- 7 Lessons Learned
- Thank You
- Further Information
Today is the last day of my first bigger project, RealVNF, which I have been leading for 27 months (Nov. 2018 - Jan. 2021). Early 2018, I applied for the project through the Software Campus and received a €100k grant for hiring student research assistants, traveling, equipment, etc. I also had the opportunity to participate in several leadership trainings organized by companies across Germany. The project itself was research-focused and a collaboration with researchers from Huawei Germany (more info the website).
I found that leading the project was surprisingly challenging but, in the end, definitely successful and a great experience. This blog post reflects on the last 27 months and summarizes seven lessons learned from a leadership/project management perspective.
7 Lessons Learned
Put Effort Into Recruiting the Right People
Recruiting the right people for the project was very important. Most of the people I hired at the beginning stayed until the end of the project.
Initially, I posted the job openings broadly online and received many applications. I also directly asked talented people I knew to apply. To avoid interviewing dozens of applicants, I introduced a small programming exercise that applicants had to submit. It was doable in maybe 1-3 hours using basic Python and tools like GitHub. I invited applicants who finished this first task to an interview, asking them to read a selected research paper up front and prepare to summarize it during the interview.
Both tasks meant initial extra work for both me and the applicants but helped to select the most suitable candidates for the project. In the end, I got to work with motivated and talented people, who made the project a success.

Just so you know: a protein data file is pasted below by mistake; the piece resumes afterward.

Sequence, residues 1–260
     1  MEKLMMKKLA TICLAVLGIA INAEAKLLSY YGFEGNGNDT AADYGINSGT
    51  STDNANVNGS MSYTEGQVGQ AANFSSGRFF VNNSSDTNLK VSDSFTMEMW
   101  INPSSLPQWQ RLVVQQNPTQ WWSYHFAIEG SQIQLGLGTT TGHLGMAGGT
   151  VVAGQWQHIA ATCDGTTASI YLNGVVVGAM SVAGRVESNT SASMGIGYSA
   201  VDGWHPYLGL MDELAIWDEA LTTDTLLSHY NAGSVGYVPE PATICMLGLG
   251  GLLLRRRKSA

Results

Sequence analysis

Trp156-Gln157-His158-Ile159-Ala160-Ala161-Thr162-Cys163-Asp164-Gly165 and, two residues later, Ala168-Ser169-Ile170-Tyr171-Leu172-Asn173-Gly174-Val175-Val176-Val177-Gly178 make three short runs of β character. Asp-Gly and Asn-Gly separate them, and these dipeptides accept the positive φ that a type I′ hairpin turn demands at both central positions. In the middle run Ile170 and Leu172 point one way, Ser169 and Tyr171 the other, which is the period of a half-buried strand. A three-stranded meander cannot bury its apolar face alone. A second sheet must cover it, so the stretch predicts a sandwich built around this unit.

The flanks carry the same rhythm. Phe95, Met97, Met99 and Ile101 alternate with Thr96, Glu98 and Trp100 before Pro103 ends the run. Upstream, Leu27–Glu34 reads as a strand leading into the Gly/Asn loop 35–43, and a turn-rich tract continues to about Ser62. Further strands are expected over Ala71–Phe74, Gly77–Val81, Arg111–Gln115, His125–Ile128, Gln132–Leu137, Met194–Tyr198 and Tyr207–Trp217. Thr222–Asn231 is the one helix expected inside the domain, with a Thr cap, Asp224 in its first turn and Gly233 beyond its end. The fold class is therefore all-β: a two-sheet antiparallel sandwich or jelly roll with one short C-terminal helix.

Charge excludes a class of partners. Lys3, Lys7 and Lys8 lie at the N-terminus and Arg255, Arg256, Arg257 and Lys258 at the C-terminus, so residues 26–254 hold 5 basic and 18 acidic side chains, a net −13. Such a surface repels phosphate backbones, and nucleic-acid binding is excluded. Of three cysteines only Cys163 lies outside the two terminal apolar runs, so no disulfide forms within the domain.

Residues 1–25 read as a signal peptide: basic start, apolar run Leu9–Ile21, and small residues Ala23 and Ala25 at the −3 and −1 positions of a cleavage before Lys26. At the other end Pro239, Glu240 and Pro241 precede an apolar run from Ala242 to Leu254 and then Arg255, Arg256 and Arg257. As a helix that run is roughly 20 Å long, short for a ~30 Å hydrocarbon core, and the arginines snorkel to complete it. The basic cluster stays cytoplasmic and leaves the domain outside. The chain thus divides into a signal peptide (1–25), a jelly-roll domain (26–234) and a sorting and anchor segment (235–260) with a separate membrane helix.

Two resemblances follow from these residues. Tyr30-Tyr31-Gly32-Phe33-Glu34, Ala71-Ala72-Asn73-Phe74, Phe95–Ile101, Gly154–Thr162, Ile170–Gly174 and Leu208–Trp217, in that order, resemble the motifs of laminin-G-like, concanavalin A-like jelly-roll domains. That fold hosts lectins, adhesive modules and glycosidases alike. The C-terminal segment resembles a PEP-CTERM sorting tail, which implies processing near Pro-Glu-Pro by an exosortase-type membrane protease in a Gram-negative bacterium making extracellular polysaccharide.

Talk to Potential Users Early
When preparing the initial project plan, of course, I discussed it with people in my group at university. Still, it was only when talking to the researchers at Huawei, I understood that they had a very different perspective on the problem we were trying to solve. We spent the first months discussing and aligning our understanding of the problem and possible solution approaches. These discussions were very valuable to ensure that the work in the project was actually relevant and helpful in practice. As a leading company in networking, Huawei is a potential user of our developed coordination schemes and thus was an ideal project partner.
Especially in academia, it is easy to get excited about an idea without properly thinking (or even understanding) its relevance in practice. Whether in academia or industry, I believe it is very important to talk to potential users/customers early and understand their needs before designing a solution. This is related to the concept of design thinking.
Start Small, Scale Quickly
When starting the project, we had tons of interesting ideas and thought of a variety of relevant problem aspects that we wanted to address. Creating an approach from scratch that incorporates all ideas and considers all problem aspects would have been prohibitively complex. Instead, it was important to quickly identify the most important aspects and most promising ideas and simplify everything else. This helped to get started quickly.
Once the simple approach worked, we could extend it to integrate more ideas and address more problem aspects. It is also helpful to have a working prototype at all times: First for the smallest and simplest case, then for more and more complex scenarios. This allows running evaluations for each stage and quantifying progress. Trying to solve everything at once can be overwhelming and makes it difficult to understand the root cause of problems or bugs. Building on something that works already is much simpler, faster, and less error prone. Versioning everything allows going back to previous, working versions if something breaks in between.
Of course, it makes sense to think of a realistic roadmap and architecture at the beginning to have a clear direction and ensure that initial solutions can easily be extended later.
Focus on Just a Few Topics at Once